If an obsession with technology is a sign of geekdom, then most of us are geeks, whether we admit it or not.
In honor of "Geek Pride Day" this Friday, May 25 (the anniversary of the original "Star Wars" premiere), IT recruiter firm Modis published the results of a new survey on geeky attitudes in the U.S. (It conducted a similar survey last year.)
Of the 1,008 Americans 18 and older who took the telephone survey in late April, just 17 percent identified themselves as "geeks," defined by items such as being a technology addict or a go-to person for tech advice. (Social awkwardness and working in the tech industry or in IT were down at No. 5 and No. 6, respectively.) [Make Your House Into the Star Trek Enterprise]
But if tech addiction is a criteria, most of us qualify. In the survey, 70 percent of all participants said they would have a hard time going for a whole day without one of eight devices, such as a smartphone, computer or MP3 player.
And many forms of addiction are common 66 percent of all people admit to using technology in "inappropriate" places or at inappropriate times. That includes at the dinner table or behind the wheel (32 percent each) or at a funeral (though only 5 percent did that).
Spending more time online than off was another definer of geeks, but they are not alone. A January survey on the "Seven Deadly Sins of Social Media" by advertising firm JWT found that 41 percent of Americans are guilty of gluttony. Thirty-five percent of the 562 people surveyed, for example, said that they at least sometimes sit home all day spending time online. Half agreed completely or partly with the statement "I would definitely go through some kind of 'withdrawal' if the Internet suddenly went away."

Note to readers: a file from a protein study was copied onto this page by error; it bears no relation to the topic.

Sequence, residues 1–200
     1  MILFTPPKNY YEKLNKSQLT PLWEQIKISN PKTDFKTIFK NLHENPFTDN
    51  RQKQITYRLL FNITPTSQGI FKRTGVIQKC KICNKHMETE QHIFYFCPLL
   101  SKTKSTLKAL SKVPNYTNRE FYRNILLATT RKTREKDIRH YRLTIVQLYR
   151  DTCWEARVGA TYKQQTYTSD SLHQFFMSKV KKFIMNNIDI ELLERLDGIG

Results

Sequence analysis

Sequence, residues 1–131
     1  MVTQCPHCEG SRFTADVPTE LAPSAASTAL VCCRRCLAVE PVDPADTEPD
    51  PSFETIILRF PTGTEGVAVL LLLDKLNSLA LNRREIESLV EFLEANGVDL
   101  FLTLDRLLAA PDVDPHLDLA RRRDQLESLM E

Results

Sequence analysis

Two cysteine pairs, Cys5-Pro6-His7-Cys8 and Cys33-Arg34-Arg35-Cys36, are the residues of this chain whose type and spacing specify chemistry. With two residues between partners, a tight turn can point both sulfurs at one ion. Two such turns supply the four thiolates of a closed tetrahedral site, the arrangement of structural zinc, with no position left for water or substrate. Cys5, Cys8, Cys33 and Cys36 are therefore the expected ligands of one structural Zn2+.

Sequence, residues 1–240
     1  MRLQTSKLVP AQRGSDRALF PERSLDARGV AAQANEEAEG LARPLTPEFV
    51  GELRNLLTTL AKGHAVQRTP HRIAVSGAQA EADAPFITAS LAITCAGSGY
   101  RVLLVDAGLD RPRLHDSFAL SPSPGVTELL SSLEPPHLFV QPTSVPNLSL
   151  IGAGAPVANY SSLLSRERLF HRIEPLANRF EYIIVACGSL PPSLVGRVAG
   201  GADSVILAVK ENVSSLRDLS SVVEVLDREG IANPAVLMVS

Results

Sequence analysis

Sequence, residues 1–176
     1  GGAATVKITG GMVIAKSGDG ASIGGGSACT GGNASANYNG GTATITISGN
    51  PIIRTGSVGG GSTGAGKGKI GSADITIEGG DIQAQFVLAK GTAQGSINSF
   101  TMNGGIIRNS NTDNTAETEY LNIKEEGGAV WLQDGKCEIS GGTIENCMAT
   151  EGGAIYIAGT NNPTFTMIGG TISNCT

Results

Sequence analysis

Given this, why do so few people cop to being geeks? "When you hear the term geek, the [reaction] immediately is defensive," said Jack Cullen, the president of Modis. "But as people look into the definition and think more on it…they take a sense of pride in it."
It may also be that use of technology is no longer the province of true techies. About half of all Americans own smartphones, for example, and the numbers are rapidly growing.
However they label themselves, the millennial generation (ages 18 to 34) is by far the techiest, according to the survey. Millennials are twice as likely as Americans as a whole (34 versus 17 percent) to be "judgmental" about people's technology choices (such as the type of cellphone or email provider they have). They are also more in love with mobile devices: 40 percent said they would have a hard time going without their smartphone for a day. Among Gen Xers, it's 25 percent.
But self-identified geeks also love old-fashioned media. Seventy-one percent said that a pen and paper are the items that would be hardest to go without for a day (versus 60 percent for nongeeks). Their computer is the second-most valued daily item for geeks (58 percent versus a mere 29 percent). But the next two were their car and their morning coffee or tea.
And on a list of most stressful events, both geeks and nongeeks picked "losing your wallet" as the worst.
Many stereotypes still remain, however. For geeks, the next most stressful event would be losing files on their hard drive, while for others, it was going through a relationship breakup. And twice as many geeks (38 versus 20 percent) would be stressed out if they lost their smartphone. They are also a lot more likely to fiddle with gadgets while driving: 45 versus 30 percent.
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